Power and Democracy

“P-move (Peoples Movement for a Just Society) wishes to affirm that we are not only poor people who are troubled or abused, but we are also groups of people with our own concrete development models to solve our problems.  We have savings groups, community banks, community welfare systems for building houses, building communities, waste disposal and disaster preparedness; various models exist in concrete form in many localities.”

From P-MOVE statement on 9 May, 2018 (see below for full statement)

April 20, 2018. QUEZON CITY—Members of human rights movement IDEFEND decried the worsening human rights situation and the continuing threats to Philippine democracy. 

“Philippine Democracy is in Danger” declared IDEFEND in the wake of more recent events like the deportation of Giacomo Fillbeck, of the Party of European Socialists, the detention of Australian nun Sister Patricia Fox, and the continuing threats to judicial independence.  

By Yasmin Ahammad and Clarissa V. Militante

In the face of authoritarianism and systemically-rooted patriarchy in Southeast Asian societies, do women who have ascended to powerful government positions really wield power? Has this ‘power’ worked towards defending and protecting women and their rights, or has it only helped reproduce patriarchy and support authoritarian rule?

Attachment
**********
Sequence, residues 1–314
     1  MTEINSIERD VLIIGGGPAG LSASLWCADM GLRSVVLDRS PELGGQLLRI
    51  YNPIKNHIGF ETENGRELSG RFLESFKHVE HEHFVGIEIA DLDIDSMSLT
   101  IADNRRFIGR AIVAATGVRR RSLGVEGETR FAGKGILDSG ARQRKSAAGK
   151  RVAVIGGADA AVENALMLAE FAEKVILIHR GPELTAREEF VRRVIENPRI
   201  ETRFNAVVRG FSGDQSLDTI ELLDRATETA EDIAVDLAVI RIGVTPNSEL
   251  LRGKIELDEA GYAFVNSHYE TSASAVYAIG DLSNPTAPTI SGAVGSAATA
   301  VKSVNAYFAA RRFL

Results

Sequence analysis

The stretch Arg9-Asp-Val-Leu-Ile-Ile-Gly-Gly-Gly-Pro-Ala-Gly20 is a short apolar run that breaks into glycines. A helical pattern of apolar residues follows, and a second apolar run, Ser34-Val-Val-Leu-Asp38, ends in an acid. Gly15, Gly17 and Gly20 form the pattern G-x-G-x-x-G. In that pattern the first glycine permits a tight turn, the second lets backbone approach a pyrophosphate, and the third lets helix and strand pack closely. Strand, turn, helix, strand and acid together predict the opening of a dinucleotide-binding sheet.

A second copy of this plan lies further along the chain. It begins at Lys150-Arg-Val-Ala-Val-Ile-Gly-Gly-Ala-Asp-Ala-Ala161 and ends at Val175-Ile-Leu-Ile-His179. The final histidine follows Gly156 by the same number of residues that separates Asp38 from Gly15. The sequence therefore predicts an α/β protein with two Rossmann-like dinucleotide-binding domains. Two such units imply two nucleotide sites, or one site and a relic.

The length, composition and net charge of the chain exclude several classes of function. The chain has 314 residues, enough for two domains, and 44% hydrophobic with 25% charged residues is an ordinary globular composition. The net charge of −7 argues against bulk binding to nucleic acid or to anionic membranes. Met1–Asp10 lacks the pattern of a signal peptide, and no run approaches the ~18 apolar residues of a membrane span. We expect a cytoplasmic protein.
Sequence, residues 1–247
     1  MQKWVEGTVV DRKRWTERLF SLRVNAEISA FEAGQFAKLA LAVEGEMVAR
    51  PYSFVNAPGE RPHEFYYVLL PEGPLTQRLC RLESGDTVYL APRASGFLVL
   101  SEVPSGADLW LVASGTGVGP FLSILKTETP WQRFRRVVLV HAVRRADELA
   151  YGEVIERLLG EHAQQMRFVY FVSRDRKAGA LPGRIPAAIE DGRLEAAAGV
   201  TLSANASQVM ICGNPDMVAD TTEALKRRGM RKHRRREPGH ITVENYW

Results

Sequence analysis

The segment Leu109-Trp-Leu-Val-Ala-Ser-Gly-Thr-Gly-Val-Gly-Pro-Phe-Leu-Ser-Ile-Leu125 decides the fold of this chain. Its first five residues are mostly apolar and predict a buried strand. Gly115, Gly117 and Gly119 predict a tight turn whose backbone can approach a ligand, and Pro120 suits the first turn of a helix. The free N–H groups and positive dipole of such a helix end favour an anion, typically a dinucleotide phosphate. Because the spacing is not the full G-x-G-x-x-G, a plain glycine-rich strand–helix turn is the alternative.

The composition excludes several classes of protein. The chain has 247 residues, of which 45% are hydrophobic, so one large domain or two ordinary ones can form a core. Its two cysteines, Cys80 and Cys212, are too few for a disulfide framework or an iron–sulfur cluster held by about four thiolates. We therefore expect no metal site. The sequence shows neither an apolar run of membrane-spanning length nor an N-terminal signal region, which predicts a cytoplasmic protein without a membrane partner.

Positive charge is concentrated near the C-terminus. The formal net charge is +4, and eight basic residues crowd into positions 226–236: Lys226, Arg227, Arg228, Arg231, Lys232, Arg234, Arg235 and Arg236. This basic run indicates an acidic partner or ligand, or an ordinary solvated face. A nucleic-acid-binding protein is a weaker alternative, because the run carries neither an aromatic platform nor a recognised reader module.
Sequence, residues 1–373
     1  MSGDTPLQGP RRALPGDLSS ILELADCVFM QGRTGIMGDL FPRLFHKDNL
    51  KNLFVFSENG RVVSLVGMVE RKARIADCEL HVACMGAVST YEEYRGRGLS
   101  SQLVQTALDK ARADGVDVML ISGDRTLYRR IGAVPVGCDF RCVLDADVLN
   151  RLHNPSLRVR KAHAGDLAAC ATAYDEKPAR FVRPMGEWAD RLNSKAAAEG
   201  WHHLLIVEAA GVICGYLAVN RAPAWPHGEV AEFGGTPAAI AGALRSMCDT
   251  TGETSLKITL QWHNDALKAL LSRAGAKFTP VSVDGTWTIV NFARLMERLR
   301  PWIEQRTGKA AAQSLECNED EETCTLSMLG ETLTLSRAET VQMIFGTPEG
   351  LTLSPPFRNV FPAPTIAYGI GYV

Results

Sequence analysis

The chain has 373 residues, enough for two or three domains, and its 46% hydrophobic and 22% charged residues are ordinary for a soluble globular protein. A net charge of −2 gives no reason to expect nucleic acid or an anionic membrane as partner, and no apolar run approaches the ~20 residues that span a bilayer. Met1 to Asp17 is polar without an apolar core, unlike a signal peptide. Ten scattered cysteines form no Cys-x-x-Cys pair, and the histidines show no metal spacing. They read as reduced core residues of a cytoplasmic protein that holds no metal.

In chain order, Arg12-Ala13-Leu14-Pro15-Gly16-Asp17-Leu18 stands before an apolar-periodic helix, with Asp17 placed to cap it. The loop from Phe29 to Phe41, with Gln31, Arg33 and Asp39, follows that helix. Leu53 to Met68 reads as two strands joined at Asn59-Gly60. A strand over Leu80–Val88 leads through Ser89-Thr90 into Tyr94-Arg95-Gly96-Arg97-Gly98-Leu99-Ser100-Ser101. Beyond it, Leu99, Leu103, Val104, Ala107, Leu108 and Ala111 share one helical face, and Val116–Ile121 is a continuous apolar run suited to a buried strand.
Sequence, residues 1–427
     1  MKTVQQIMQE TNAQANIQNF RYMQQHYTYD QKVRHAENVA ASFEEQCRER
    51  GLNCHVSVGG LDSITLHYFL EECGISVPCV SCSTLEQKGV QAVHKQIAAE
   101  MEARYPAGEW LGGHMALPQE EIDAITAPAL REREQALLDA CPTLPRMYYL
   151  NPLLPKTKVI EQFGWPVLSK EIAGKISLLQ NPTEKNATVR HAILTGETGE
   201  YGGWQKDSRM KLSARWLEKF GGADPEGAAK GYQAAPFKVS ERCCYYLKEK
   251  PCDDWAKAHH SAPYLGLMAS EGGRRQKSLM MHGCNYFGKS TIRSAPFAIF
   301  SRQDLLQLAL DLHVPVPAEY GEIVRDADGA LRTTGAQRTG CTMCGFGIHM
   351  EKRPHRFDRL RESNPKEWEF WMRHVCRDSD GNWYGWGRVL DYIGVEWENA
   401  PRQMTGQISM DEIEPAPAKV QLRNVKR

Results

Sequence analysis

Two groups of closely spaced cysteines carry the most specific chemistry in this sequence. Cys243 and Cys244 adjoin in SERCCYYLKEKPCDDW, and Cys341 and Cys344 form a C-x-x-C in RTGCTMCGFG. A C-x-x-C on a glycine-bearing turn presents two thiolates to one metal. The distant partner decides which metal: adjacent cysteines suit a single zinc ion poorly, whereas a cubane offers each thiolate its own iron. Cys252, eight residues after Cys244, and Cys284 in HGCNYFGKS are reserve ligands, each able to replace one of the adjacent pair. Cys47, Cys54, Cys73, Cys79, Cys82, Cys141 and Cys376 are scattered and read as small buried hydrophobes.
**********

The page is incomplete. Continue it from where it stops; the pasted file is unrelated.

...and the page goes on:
14 December 2018: On the eve of the sixth anniversary of the enforced disappearance of Lao civil society leader Sombath Somphone, we, the undersigned organizations, reiterate our calls for the Lao government to conduct an independent, impartial and effective investigation to reveal his fate and whereabouts.

Walden Bello traces the rise of the present-day Hindu nationalist movement from its marginal origins at the time of Indian independence to its formidable present domination of the political landscape.

The author traces the roots and roles of the torch bearers of the Hindutva movement -- a political party, a vanguard organization, and a militant mass movement --  which have drastically changed from the political mechanisms and ideals of post-Independence India and the erstwhile dominant party, Congress.

Focus on the Global South releases the 4th edition of Focus Newsletter, which tackles the issue of democracy in Asia and its different facets--elections, constitutions, (extreme) nationalism, populism, majoritarian rule, press freedom. Why democracy? As our editorial says: "Across South and Southeast Asia, concepts of democracy, justice, and human rights are facing contestation, re-interpretation, and selective application." Through this edition of the newsletter, we hope to contribute not only to discourse but also to the shaping of solutions & alternatives.

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